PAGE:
Calculus Self-Assessments

The resources on this page are intended for students to self-assess their preparation for or mastery of courses in calculus.  This includes:

  • students who have corresponding AP/IPC/PMC credit for a course and want to assess if they might be well-advised to take it at Duke anyway;
  • students who have corresponding AP/IPC/PMC credit for a prerequisite of a course and want to confirm their preparation is sufficient;
  • students who might not have (or need) any such credit(s), but want to check their preparation to help decide on a starting course.

These resources are self-assessments provided for your guidance only, and are neither official placement exams, nor means to obtain course credit, nor means to bypass major requirements or course prerequisites.  If you have questions about the math course requirements for your major(s) or minor(s), check the associated department website(s) and direct any follow up questions to the associated Director(s) of Undergraduate Studies.

If, after taking the appropriate self-assessment below, you still have questions about your placement, you might consider attending the Math Placement Open House -- details on the Placement Page.

Pre-Calc Self-Assessment

This self-assessment is designed for Duke students planning to enroll in Calculus I who are unsure whether Math 105L or Math 111L is the best fit. Instructions are in the PDF file for the assessment.

Pre-Calc Self-Assessment          Answers/Scoring

Recall this is a self-assessment only: all Calculus I students (both those originally enrolled in Math 105L and those in Math 111L) will take a Calculus I Placement Test on precalculus material on the first day of class. Regardless of results on this self-assessment, students must score above threshold on that test to take Math 111L.

Calc 1 Self-Assessment

If you have taken calc 1 in high school and are interested in assessing your calc 1 proficiency compared to Duke standards, take this exam.  Instructions are in the PDF file for the assessment.

Calc 1 Self-Assessment          Answers/Scoring

The prerequisites for the above-noted calc 2 offerings (Math 122L in Fall terms; Math 112L in Spring and Summer terms) are not enforced.  So, if your score on this self-assessment is sufficient, you can plan to enroll directly into one of those offerings.

Calc 2 Self-Assessment

If you have taken calc 2 in high school and are interested in assessing your calc 2 proficiency compared to Duke standards, take this exam.  Instructions are in the PDF file for the assessment.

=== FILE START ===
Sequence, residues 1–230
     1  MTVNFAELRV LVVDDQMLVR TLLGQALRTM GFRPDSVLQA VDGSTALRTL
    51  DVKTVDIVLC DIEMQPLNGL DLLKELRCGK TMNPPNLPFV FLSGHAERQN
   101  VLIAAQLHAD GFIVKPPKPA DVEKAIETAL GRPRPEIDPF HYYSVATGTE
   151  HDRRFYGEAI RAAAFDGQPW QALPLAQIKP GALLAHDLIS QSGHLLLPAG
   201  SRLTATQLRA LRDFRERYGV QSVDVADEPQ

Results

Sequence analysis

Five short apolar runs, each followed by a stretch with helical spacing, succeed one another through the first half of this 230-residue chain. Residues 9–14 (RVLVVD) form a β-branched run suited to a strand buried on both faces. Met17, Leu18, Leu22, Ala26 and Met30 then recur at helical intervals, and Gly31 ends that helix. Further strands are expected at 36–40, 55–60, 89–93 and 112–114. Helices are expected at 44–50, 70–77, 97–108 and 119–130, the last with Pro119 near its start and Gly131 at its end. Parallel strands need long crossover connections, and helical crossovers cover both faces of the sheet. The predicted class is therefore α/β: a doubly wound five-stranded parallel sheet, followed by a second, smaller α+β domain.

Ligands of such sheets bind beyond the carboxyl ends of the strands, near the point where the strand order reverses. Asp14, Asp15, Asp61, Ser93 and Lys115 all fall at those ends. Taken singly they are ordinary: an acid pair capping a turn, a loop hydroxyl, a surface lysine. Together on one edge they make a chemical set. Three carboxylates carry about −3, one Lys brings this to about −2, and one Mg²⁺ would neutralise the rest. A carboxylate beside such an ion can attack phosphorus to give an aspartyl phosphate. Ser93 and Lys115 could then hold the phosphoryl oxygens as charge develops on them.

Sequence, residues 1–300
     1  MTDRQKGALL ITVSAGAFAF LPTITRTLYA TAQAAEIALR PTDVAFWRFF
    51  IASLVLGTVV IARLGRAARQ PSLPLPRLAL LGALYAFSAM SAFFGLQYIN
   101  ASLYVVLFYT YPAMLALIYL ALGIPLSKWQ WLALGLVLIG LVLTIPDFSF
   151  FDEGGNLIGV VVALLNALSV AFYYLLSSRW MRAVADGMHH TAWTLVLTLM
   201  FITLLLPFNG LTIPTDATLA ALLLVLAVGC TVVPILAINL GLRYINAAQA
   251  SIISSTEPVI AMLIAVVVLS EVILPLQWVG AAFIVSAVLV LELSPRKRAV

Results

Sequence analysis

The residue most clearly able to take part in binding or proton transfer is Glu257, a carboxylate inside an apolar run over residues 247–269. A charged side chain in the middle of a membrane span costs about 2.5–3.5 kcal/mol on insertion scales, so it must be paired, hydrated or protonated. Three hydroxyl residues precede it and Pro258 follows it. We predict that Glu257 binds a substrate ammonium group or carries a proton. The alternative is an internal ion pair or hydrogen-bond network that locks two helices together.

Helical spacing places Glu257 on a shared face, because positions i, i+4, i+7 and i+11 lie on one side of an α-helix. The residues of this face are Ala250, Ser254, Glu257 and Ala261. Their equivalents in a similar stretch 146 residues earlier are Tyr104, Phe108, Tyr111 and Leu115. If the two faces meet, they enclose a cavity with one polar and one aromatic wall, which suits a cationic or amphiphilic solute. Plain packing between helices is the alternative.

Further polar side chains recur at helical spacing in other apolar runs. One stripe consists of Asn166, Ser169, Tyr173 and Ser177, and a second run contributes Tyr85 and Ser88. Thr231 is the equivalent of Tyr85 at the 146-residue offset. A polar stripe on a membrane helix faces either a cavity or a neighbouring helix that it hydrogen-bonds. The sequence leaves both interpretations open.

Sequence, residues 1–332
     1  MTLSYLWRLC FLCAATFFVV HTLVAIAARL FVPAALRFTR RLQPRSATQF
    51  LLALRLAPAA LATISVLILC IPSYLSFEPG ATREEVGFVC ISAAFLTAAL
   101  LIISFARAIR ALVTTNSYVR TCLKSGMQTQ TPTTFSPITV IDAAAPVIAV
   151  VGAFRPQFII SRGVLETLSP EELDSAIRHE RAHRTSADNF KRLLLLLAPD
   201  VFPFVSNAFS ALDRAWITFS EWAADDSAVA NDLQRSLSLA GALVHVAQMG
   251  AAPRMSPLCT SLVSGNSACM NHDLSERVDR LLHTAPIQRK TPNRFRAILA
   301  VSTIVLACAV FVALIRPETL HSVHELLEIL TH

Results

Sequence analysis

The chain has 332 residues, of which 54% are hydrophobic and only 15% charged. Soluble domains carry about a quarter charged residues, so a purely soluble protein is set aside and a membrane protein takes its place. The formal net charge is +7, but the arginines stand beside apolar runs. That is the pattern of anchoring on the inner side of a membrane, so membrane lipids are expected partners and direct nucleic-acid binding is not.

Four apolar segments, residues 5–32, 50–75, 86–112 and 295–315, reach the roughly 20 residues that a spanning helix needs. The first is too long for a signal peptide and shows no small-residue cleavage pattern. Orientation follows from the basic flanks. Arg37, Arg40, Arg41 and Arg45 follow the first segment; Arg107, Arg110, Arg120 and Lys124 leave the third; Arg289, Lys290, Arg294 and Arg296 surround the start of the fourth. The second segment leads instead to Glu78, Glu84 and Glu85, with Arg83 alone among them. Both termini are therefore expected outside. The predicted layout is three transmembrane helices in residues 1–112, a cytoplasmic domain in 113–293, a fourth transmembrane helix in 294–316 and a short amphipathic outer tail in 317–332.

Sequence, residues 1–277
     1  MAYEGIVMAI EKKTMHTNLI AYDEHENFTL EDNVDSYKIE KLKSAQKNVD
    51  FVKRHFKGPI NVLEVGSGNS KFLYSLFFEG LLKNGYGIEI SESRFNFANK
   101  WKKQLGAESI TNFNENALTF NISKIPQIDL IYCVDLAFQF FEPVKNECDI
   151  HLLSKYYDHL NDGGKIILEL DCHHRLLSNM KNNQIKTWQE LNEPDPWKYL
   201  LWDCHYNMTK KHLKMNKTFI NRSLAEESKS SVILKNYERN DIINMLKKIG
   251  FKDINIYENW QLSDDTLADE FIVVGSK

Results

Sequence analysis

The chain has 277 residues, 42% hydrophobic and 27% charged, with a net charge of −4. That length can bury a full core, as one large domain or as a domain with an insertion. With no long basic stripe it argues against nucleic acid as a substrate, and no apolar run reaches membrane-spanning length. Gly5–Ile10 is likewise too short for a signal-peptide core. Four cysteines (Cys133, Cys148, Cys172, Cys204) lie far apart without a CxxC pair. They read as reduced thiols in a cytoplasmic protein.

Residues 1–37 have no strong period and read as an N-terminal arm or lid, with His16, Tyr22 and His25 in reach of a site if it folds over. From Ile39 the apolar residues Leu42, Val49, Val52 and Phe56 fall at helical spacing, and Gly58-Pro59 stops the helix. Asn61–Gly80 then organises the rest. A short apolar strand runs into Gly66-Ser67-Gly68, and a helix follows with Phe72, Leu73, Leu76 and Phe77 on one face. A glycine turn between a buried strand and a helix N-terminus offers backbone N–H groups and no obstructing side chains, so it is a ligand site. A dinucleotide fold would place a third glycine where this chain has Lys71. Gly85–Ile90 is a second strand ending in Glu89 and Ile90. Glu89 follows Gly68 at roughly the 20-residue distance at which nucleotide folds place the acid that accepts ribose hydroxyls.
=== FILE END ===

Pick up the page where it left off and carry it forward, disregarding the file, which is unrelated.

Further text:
Calc 2 Self-Assessment          Answers/Scoring

If you do well on this exam, you might consider starting beyond single variable calculus.  Depending on your major(s) and interests (check those departments' webpages for their requirements and recommendations!), there are different starting points you might consider.  Some common choices are Math 218 and Math 221; these courses do not enforce any calculus prerequisites and you can plan to enroll directly into these courses. 

If you are interested in starting with Math 202, Math 212, or Math 230, note importantly that these courses do enforce their calc 2 prerequisites.  The AP/IPC/PMC credit (Math 22 or Math 122) must be on your Duke record to enroll in one of these courses.  The Mathematics Department cannot accept alternative evidence of scores expected to result in such credit and will not make you eligible for a permission number.  See the Registrar's webpage for information on how to have your AP scores, international placement scores, or possible PMC courses officially reported to Duke.

If you do not have any such credits, but are very confident in your calc 2 proficiency and performed well on the above Calc 2 Self-Assessment, it remains that this performance will not get you into these courses.  However, you might consider taking the Math 122L Proficiency Exam, which you can read about in detail on its registration page.  Students registering for this exam are encouraged to enroll in Math 122L (in the Fall; or Math 112L in the Spring) for the moment, as this would be the correct course choice in the event of not performing sufficiently on that exam.